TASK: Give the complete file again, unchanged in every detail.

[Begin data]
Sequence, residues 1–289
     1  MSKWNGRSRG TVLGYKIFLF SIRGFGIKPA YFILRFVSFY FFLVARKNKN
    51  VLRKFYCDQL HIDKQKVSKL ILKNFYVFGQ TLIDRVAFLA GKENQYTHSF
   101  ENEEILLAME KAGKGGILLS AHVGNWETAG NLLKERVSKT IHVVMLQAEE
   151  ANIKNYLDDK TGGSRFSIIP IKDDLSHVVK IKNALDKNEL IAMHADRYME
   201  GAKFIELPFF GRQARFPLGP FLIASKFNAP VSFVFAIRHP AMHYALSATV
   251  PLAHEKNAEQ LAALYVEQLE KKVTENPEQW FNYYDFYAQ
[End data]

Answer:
Sequence, residues 1–289
     1  MSKWNGRSRG TVLGYKIFLF SIRGFGIKPA YFILRFVSFY FFLVARKNKN
    51  VLRKFYCDQL HIDKQKVSKL ILKNFYVFGQ TLIDRVAFLA GKENQYTHSF
   101  ENEEILLAME KAGKGGILLS AHVGNWETAG NLLKERVSKT IHVVMLQAEE
   151  ANIKNYLDDK TGGSRFSIIP IKDDLSHVVK IKNALDKNEL IAMHADRYME
   201  GAKFIELPFF GRQARFPLGP FLIASKFNAP VSFVFAIRHP AMHYALSATV
   251  PLAHEKNAEQ LAALYVEQLE KKVTENPEQW FNYYDFYAQ